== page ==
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Volume 10 No. 25

Events and Attractions

The Australian federal government "remains unapologetic about its insistence that all athletes and officials must obtain visas to attend next year's Commonwealth Games," according to Nicole Jeffery of THE AUSTRALIAN. Games officials regard the move as the "biggest threat to the success of the Gold Coast event." The government is "defying" decades of int'l sports convention by insisting that accredited Games attendees must obtain a "temporary activity" visa via an online application. Olympic and Commonwealth Games host nations "traditionally waive visas for accredited athletes and officials" and that system was in place for the 2006 Commonwealth Games in Melbourne and the 2000 Olympic Games in Sydney. However, a spokesperson for Immigration Minister Peter Dutton said on Wednesday that the government "makes no apologies" for the system put in place, arguing that it protected the Australian community and its visitors. She said that those who could not apply online could "provide a hard copy of the required visa ­information to GOLDOC [2018 Gold Coast Commonwealth Games Corp.], who will then make an online application on behalf of that individual." GOLDOC CEO Mark Peters conceded Wednesday that he "did not expect the government to waive the visa requirement," with 175 days to go until the opening ceremony on April 4 (THE AUSTRALIAN, 10/12).

Racing NSW and Racing Victoria "might have had all the goodwill in the world to change the race times for The Everest and Caulfield Guineas meetings but once again neither would blink to make it happen," according to Chris Roots of THE AGE. Instead, punters will have "only 15 minutes" between the A$10M ($7.8M) Everest and A$2M ($1.5M) Caulfield Guineas on Saturday, "when the eyes of the sporting public are almost exclusively on racing." It is a "disappointing result for a sport that remains divided along state lines." It might "affect the bottom line for the day," which the TAB is "expecting to break records" and be behind only Melbourne Cup day in terms of turnover. It took free-to-air provider Channel Seven to "make the two regulators aware of the packed schedule last Friday and it took until Tuesday afternoon for any changes to be made certain." An offer and counter-offer were made, but no agreement could be struck and the times, "which had been in place for many months," stand. Racing NSW CEO Peter V'landys said, "Unfortunately they wouldn't change their times. We tried and they were set on what they wanted and we couldn't accommodate it." Racing NSW GM Scott Kennedy worked on the schedule, which "would have changed several meeting times to secure The Everest clear air in the lead-up, but it was rejected by Racing Victoria" (THE AGE, 10/11).

For the third consecutive year, the Mexican Formula 1 Grand Prix will take place in front of a sold-out crowd. The organizer of the event tweeted, "Thanks to you, for the third consecutive year, tickets for the #MexicoGP are totally sold out" (LA AFICIÓN, 10/10).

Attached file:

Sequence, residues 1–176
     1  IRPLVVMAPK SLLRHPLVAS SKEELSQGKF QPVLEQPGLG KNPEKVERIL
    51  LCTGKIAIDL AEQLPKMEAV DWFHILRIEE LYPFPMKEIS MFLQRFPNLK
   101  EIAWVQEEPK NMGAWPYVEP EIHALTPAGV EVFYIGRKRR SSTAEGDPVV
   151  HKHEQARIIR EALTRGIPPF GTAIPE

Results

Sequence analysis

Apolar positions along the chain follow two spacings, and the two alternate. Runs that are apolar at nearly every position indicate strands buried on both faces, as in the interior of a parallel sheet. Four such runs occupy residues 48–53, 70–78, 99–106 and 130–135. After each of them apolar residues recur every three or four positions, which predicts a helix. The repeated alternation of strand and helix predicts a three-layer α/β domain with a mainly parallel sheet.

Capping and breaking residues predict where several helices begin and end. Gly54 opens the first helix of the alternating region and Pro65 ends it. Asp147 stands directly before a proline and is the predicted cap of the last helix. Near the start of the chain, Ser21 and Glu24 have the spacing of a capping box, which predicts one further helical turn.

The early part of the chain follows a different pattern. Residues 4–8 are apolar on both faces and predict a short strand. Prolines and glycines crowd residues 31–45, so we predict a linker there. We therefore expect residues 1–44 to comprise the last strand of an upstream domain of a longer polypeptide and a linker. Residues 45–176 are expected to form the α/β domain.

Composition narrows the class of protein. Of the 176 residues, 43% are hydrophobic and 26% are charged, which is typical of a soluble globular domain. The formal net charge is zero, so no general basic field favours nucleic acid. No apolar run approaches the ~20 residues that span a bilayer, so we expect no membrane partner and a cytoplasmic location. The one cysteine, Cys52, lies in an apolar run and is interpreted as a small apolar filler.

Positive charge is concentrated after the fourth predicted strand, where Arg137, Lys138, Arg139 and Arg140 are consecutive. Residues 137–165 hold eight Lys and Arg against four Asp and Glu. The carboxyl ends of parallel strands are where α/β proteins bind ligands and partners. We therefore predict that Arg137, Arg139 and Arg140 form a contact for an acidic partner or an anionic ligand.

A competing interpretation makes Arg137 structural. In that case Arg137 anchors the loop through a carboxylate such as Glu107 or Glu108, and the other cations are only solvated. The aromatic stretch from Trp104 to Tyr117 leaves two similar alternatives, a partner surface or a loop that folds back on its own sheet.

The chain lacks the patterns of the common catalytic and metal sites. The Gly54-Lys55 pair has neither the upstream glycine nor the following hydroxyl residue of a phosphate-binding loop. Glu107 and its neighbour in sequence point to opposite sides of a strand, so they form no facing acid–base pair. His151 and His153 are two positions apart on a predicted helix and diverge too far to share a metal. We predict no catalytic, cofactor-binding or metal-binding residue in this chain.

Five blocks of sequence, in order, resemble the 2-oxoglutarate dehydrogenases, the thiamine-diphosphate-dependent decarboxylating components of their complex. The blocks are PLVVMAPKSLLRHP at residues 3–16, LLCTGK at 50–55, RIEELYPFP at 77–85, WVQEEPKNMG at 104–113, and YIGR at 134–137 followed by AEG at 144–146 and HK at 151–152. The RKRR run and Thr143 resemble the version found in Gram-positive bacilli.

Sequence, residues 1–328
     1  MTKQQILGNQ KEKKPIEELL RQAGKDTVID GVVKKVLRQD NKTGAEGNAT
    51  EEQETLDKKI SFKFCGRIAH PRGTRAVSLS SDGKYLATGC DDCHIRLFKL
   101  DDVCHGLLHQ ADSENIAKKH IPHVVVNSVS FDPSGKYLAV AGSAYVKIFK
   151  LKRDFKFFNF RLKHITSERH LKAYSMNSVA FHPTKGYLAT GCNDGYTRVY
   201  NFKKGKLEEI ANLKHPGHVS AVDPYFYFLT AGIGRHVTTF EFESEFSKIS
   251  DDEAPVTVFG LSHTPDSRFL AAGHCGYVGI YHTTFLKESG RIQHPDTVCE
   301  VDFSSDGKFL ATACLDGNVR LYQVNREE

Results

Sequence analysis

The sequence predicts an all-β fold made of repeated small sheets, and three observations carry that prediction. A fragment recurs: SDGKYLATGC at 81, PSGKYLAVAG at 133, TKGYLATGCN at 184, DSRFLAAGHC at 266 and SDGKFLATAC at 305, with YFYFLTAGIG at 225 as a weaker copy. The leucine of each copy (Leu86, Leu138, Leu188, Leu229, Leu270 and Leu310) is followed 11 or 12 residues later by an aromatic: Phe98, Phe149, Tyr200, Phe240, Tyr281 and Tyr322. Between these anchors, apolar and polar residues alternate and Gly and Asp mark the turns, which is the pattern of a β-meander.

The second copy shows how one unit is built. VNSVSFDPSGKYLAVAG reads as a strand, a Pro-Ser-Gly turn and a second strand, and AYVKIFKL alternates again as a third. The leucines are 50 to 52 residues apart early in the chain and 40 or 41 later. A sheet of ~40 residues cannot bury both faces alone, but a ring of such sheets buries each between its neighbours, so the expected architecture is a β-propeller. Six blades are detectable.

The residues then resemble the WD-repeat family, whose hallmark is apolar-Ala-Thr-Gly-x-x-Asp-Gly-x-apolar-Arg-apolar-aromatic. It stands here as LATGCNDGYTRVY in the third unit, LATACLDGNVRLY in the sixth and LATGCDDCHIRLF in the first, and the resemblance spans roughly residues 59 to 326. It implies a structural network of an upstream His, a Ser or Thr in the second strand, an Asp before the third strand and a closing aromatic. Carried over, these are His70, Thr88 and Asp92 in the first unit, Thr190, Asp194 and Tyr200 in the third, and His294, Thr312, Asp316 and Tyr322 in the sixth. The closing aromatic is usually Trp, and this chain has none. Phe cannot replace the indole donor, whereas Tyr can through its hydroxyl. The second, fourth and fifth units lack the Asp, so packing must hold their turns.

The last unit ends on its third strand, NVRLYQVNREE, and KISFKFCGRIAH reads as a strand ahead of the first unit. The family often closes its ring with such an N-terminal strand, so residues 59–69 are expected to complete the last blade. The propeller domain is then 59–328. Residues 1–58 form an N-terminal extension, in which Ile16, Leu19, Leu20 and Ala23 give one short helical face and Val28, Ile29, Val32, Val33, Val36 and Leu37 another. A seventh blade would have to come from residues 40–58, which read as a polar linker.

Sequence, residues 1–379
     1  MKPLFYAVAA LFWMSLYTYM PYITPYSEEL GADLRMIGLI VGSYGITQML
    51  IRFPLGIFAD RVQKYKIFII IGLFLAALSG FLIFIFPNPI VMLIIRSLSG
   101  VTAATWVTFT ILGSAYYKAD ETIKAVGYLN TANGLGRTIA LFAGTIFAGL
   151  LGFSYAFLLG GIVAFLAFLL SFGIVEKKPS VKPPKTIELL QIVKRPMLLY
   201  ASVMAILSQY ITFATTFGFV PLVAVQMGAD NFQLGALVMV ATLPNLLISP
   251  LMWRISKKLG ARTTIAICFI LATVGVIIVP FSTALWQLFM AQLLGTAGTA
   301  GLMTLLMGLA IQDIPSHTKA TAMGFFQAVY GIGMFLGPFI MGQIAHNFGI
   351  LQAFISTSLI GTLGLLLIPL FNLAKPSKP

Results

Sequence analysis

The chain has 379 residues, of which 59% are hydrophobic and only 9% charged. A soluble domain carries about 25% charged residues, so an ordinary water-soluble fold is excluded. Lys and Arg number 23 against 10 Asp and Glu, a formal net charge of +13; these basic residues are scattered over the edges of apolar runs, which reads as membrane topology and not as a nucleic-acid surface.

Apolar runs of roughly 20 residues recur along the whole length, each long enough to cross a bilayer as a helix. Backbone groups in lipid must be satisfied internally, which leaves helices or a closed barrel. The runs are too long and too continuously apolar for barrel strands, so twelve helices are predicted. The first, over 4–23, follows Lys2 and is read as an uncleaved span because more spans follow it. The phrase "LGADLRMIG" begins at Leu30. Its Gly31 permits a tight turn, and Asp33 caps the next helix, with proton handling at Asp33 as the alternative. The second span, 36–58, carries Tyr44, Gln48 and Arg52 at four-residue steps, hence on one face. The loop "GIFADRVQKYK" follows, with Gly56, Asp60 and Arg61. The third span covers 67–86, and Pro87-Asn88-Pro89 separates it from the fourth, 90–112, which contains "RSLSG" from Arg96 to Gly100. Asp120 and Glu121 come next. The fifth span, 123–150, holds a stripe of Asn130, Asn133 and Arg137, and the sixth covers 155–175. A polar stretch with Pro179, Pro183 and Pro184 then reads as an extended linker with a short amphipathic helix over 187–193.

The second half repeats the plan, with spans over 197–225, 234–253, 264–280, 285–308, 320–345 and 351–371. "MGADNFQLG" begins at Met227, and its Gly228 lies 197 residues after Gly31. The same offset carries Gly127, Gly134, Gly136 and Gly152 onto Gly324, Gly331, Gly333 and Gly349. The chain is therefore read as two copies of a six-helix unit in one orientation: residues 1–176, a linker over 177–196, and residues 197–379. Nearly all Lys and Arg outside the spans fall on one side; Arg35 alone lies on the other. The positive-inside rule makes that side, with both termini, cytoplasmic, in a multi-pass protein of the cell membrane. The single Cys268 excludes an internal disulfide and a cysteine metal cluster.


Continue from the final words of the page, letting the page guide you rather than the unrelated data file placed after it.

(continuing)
Queensland Minister for Special Events Kate Jones said that the state "deserves" a first National Rugby League grand final outside of Sydney "despite Melbourne's claims that it can offer 47,000 more seats." The Queensland government "will know in the next seven days which NRL grand finals it can bid to bring to Suncorp Stadium," with Sydney's ANZ Stadium "most likely" unavailable for the '19 and '20 grand finals (Brisbane COURIER-MAIL, 10/11).

Twenty virtual racers secured their slots for Formula 1's inaugural esports series final on Tuesday. The 40 hopefuls on stage at London's Gfinity Arena "won through from 63,827 entrants worldwide" competing on PlayStation 4, Xbox One and Windows PC platforms. The semifinals, around virtual Silverstone and Interlagos circuits, were livestreamed through social media and f1esports.com (REUTERS, 10/10).

The Brisbane Int'l is "at match point in bids to bring Serena Williams and Novak Djokovic, winners of 35 Grand Slam titles between them, back to Queensland this summer." Sources said that Djokovic is "strongly considering playing the Brisbane event," which starts on Dec. 31 (COURIER-MAIL, 10/11).

From next season, the Women's Tennis Association Ladies Open will take place on clay courts in southern Switzerland. The second edition of the tournament will be held from April 9-15 at the tennis court of TC Lido Lugano. InfrontRingier Sports & Entertainment Switzerland is responsible for the entire organization as well as the worldwide marketing rights, national media rights and the exclusive hospitality area of the competition (Infront).

A rock was thrown at the Australian national cricket team's bus, "smashing a window," after its T20 int'l win against India in Guwahati. Players and staff were traveling to the hotel from the Barsapara Stadium when the bus was hit. Cricket Australia said that no one was injured, but the players were "shaken up by the incident" (BBC, 10/11).